I am an assistant professor in the Department of Mathematics & Statistics at San Diego State University. In addition to a PhD in statistics from CSU, I have a BS in Math and Physics, as well as a Masters in Education from the University of Arizona. My primary research interests are in theoretical and methodological contributions to the study of stochastic processes and networks, especially for applications in ecology. I also work on developing new computational tools that provide approximate statistical inferential procedures for large data sets. My students and I make up the Toyon Statistical Lab.
If you would like to work with me, please send me an email with a brief description of your research interests. We'll set up a meeting to chat.
Movement of polar bears in the Chukchi and Beaufort seas.
Scharf, H. R., M. B. Hooten, R. R. Wilson, G. M. Durner, T. C. Atwood (2019). Accounting for phenology in the analysis of animal movement. Biometrics, 75: 810–820.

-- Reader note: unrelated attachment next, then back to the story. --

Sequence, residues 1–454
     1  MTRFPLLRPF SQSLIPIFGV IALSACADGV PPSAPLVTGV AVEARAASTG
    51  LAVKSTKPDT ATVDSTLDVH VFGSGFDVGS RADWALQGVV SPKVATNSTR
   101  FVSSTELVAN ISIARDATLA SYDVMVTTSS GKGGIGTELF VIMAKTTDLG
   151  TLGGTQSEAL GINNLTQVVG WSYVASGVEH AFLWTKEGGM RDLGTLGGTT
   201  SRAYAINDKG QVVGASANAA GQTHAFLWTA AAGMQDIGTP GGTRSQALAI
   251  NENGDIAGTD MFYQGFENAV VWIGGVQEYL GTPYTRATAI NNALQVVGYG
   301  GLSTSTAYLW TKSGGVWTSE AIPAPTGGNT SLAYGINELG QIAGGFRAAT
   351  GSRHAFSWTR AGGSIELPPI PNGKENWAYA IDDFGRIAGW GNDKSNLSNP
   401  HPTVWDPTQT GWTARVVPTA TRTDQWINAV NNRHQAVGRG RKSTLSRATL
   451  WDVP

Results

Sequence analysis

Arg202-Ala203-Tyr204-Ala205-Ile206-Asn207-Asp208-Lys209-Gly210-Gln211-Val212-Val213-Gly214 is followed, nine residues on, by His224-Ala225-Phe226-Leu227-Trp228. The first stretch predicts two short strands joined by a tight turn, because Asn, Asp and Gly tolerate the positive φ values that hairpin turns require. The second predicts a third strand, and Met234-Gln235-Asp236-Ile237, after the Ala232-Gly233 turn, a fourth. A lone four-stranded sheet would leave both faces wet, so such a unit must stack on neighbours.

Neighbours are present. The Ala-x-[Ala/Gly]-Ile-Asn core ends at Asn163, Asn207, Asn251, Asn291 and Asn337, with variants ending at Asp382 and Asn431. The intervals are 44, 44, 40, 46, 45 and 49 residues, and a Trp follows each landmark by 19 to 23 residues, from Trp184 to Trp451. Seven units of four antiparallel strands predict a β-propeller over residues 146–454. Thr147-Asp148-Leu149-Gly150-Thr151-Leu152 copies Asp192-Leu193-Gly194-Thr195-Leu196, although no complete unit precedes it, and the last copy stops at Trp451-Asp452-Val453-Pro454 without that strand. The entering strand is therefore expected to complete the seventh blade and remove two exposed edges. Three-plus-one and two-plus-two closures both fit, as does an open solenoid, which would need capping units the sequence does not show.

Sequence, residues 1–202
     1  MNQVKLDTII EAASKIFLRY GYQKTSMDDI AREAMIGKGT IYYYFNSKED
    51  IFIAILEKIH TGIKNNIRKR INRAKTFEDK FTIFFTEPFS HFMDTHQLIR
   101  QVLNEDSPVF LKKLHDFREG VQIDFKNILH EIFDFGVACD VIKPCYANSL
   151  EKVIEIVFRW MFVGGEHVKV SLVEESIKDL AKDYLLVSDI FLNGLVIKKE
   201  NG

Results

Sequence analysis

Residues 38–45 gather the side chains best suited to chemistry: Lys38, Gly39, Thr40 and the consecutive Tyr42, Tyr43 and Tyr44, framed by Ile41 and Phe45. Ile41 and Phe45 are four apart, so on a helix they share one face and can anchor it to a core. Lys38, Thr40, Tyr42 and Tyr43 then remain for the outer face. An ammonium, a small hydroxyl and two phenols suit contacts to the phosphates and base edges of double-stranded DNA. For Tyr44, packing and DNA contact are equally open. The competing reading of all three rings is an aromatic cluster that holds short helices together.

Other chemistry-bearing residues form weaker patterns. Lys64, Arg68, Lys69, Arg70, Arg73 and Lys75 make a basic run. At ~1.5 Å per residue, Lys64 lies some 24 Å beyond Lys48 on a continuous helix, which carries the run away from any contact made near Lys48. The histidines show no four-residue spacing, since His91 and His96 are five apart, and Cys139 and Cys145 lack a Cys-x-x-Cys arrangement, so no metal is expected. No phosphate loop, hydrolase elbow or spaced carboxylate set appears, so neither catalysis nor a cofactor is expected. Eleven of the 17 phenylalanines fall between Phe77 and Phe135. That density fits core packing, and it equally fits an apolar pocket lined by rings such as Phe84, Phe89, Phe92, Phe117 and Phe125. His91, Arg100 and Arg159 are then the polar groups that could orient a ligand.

Movement of killer whales near the Antarctic peninsula.
Scharf, H. R., M. B. Hooten, B. K. Fosdick, D. S. Johnson, J. M. London, and J. W. Durban. (2016). Dynamic social networks based on movement. Annals of Applied Statistics. 10(4), 2182–2202.
Movement of Greenland White Fronted Geese on the east coast of Ireland.
Hooten, M. B., H. R. Scharf, T. J. Hefley, A. T. Pearse, M. D. Weegman (2018).
Animal movement models for migratory individuals and groups.
Methods in Ecology and Evolution. 9, 1692–1705.
* Student contributor
"It's amazing how much you don't notice when you're not paying attention." --Tom Magliozzi
Copyright Henry Scharf | Last updated March 4, 2021